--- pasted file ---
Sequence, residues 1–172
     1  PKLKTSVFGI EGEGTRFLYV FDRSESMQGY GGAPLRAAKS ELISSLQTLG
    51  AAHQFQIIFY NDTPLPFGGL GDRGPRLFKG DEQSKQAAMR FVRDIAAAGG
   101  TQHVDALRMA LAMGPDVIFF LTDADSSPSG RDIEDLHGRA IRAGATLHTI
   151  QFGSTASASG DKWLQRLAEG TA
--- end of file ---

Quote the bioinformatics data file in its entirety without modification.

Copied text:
Sequence, residues 1–172
     1  PKLKTSVFGI EGEGTRFLYV FDRSESMQGY GGAPLRAAKS ELISSLQTLG
    51  AAHQFQIIFY NDTPLPFGGL GDRGPRLFKG DEQSKQAAMR FVRDIAAAGG
   101  TQHVDALRMA LAMGPDVIFF LTDADSSPSG RDIEDLHGRA IRAGATLHTI
   151  QFGSTASASG DKWLQRLAEG TA